aging out of foster care n.
Download
Skip this Video
Loading SlideShow in 5 Seconds..
Aging out of Foster Care PowerPoint Presentation
Download Presentation
Aging out of Foster Care

Loading in 2 Seconds...

play fullscreen
1 / 17

Aging out of Foster Care - PowerPoint PPT Presentation


  • 268 Views
  • Uploaded on

Aging out of Foster Care. Transitions to Adulthood. Facts. Approximately 20,000 youth age out of foster care each year. With the exception of incarcerated youth, foster youth are the only group that is involuntarily separated from their families through government intervention. . Facts.

loader
I am the owner, or an agent authorized to act on behalf of the owner, of the copyrighted work described.
capcha
Download Presentation

PowerPoint Slideshow about 'Aging out of Foster Care' - joy


Download Now An Image/Link below is provided (as is) to download presentation

Download Policy: Content on the Website is provided to you AS IS for your information and personal use and may not be sold / licensed / shared on other websites without getting consent from its author.While downloading, if for some reason you are not able to download a presentation, the publisher may have deleted the file from their server.


- - - - - - - - - - - - - - - - - - - - - - - - - - E N D - - - - - - - - - - - - - - - - - - - - - - - - - -
Presentation Transcript
aging out of foster care

Aging out of Foster Care

Transitions to Adulthood

facts
Facts
  • Approximately 20,000 youth age out of foster care each year.
  • With the exception of incarcerated youth, foster youth are the only group that is involuntarily separated from their families through government intervention.
facts1
Facts
  • The primary purpose of this separation is to protect youth from harm by their caregivers,
  • State decides when these 20,000 foster youth are ready to be on their own
who are youth in foster care
Who are youth in foster care?
  • Roughly 500,000 youth live in foster care
    • 3/5 children of color
    • 51% male
    • Median age of 10
    • Half in non-family, 24% kinship, 17% group homes
why do they enter
Why do they enter?
  • State decision due to
    • Abuse
    • Neglect
    • Dependency
  • Typically try to intervene before removal
  • Prior to removal there’s a “permanency plan”
  • If impossible, find home
what happens to youth in foster care
What happens to youth in foster care?
  • Vast majority find permanent home
    • 85% adopted or w legal guardian
  • Some are emancipated into independent living, usually b/c they reached 18
ouctomes
Ouctomes
  • 37% of foster youth aged 17–20 had not completed high school degree or received a GED. They more often
    • suffer fmmental health problems
    • become involved in crime
    • are victims of crime
    • frequently homeless.
  • former foster youth are more likely to
    • be employed than their peers
    • rely on public assistance; and
    • Live in poverty
    • Have children outside of marriage
    • Have marital problems.
implications for policy
Implications for Policy
  • Given prolonged transition to adulthood, states should provide extended assistance
  • Parents provide 38K between 18-34. Unwise to cutoff at 18
  • Extending care past 19 results in improved educational, health, and mental health outcomes
older youth in foster care
Older youth in Foster Care
  • majority are in care for a relatively short time
  • Only about 7% of youth in out-of-home care “age out” of care
but different from younger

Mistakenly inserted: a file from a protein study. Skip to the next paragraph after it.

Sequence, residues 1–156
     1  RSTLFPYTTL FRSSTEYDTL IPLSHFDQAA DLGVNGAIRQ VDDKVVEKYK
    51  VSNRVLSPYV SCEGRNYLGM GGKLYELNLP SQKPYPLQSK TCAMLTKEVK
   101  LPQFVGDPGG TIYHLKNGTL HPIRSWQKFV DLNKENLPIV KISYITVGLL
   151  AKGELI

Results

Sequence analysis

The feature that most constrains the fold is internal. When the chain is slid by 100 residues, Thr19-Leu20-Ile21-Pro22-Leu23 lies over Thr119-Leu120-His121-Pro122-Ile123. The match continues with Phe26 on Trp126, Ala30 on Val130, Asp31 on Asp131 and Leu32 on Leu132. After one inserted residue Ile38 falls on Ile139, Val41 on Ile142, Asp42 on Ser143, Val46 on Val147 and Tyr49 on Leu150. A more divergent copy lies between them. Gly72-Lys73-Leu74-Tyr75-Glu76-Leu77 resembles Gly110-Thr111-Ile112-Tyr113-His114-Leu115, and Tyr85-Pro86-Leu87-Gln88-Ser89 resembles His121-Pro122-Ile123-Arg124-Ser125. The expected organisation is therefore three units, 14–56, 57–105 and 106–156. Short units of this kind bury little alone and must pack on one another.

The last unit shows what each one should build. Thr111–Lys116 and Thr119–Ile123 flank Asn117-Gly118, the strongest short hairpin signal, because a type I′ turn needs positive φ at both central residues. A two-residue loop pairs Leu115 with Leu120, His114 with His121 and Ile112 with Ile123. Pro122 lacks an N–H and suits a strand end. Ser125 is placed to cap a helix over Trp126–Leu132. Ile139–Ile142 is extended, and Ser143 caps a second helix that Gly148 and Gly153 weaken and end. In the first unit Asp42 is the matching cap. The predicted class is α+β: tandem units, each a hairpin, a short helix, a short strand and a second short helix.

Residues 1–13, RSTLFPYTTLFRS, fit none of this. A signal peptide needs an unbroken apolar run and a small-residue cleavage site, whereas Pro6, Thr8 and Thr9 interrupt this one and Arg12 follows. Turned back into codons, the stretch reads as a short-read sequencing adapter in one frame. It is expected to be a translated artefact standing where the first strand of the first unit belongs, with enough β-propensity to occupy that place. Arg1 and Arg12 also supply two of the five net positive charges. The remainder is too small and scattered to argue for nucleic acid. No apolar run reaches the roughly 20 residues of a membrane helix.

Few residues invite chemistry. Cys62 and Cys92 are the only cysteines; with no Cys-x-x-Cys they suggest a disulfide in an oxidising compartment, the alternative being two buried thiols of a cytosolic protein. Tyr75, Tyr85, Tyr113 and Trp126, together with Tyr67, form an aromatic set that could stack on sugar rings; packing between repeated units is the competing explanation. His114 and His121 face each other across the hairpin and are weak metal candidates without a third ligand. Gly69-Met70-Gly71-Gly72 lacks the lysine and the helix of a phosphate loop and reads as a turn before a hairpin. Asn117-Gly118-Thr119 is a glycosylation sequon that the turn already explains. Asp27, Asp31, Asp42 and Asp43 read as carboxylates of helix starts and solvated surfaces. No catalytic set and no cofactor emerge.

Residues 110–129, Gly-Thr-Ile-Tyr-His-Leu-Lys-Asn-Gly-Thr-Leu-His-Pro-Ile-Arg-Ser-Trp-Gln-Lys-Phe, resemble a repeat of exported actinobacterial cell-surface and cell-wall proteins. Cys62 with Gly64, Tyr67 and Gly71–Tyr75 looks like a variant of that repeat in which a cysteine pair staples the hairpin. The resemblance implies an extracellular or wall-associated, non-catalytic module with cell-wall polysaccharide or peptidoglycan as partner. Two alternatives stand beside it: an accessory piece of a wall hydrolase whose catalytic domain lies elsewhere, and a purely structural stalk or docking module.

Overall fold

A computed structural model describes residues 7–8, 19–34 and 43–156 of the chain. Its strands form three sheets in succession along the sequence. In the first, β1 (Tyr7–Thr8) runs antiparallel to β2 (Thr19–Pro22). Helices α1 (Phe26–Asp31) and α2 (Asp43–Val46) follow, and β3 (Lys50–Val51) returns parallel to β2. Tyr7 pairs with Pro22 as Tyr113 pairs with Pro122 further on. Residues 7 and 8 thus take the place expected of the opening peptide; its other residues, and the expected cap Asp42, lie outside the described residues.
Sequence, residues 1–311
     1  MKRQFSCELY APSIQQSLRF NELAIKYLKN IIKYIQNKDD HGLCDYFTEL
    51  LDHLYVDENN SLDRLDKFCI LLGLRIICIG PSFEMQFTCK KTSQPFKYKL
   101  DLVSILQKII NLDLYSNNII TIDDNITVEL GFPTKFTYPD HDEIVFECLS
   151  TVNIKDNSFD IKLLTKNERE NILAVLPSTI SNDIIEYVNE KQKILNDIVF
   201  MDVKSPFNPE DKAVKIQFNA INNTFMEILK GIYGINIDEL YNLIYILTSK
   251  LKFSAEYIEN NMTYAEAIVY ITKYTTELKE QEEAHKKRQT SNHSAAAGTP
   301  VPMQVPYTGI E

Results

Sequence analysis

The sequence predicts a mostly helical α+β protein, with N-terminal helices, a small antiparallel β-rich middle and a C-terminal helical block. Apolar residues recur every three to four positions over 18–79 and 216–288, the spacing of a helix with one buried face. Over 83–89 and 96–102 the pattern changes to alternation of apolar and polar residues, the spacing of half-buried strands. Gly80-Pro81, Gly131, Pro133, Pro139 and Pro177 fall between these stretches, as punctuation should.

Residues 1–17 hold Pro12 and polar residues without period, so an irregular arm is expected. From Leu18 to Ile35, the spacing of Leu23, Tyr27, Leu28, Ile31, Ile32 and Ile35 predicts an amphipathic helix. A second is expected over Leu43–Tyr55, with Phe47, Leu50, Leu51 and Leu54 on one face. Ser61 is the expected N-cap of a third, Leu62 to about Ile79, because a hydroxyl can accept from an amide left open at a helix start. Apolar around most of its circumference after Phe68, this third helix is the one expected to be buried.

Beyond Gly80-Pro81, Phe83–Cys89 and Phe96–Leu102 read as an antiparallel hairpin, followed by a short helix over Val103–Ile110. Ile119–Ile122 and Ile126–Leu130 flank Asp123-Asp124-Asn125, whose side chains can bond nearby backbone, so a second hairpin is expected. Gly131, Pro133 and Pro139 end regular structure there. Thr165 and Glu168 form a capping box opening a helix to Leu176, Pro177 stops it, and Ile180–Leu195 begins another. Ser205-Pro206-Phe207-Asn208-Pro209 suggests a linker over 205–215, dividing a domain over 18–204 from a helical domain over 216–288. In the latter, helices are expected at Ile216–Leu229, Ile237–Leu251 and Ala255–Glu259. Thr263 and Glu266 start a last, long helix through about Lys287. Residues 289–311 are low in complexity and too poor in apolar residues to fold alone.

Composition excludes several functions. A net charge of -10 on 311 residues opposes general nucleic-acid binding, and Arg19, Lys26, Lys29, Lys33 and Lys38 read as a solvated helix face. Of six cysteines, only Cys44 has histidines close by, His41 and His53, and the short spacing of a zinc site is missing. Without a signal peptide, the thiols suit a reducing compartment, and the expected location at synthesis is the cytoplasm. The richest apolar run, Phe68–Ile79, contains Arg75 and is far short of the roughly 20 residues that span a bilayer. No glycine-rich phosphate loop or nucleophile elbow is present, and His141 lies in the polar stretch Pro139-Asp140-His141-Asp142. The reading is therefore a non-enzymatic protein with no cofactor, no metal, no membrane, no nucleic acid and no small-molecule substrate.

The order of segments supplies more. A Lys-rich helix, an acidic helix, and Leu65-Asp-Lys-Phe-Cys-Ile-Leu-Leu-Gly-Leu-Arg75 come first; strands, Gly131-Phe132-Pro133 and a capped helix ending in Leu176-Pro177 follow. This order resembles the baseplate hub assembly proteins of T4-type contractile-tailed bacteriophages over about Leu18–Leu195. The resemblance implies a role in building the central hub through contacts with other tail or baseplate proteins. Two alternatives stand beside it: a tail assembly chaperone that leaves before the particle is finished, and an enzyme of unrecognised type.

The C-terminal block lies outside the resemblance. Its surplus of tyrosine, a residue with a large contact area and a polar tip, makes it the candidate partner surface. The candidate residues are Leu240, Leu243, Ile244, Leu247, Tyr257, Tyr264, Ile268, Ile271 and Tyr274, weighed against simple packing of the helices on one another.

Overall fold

But different from younger…
  • Older youth (aged 16–18) are
    • more likely to be living in group homes (the least “family-like” settings).
  • Youth in these settings are also less likely to form the kind of lasting relationships with responsible adults
    • care facilities are typically staffed by relatively young shift workers with high turnover.
chaffe act
Chaffe Act
  • The main program that supports youth during this transition is the Foster Care Independence Act of 1999,
  • commonly known as the Chafee Act, it provides $140 million in funding per year.
    • (mental health services
    • life skills
    • Mentoring
    • employment preparation
    • education, and others),
    • stipends for housing,
    • extended Medicaid eligibility
  • through age 21 at state option.
    • valuable to foster youth, who often must contend with mental health issues arising from their traumatic pasts
chaffe 1999
Chaffe (1999)
  • Medicaid was only available to prior
  • provides states funding for vouchers for education and training to youth who
    • have aged out of foster care
    • have been adopted from the public foster care system after age 16.
in reality
In reality...
  • Uneven use of services
  • Not much $ per youth ($1400)
  • Programs reinvent the wheel
  • Target population, program misses:
    • many foster youth who are discharged from care before age 18 to their family of origin, usually a parent.
    • Some of the most vulnerable, given their longer turbulent family histories.
    • ruaways from foster care before they turn 18.
fostering connection to success and increasing adoptions act
Fostering Connection to Success and Increasing Adoptions Act
  • Signed into law in 2008 (went into effect 2011)
    • extends federal support for youth to age 21
lack of safety net
Lack of Safety Net
  • Since 1985 policies have given states more flexibility and money for youth 18-21, but most don’t provide past 18
  • 90% still don’t receive services permitted by law
    • Often lose health care at 18
foster connections act
Foster Connections Act
  • Provides care, housing, and federally distributed financial support to all youth 18-21 so long as youth are
    • Completing high school or equivalent
    • Employed
    • Enrolled in a vocational program
  • Requires that youth meet with caseworker prior to exiting the system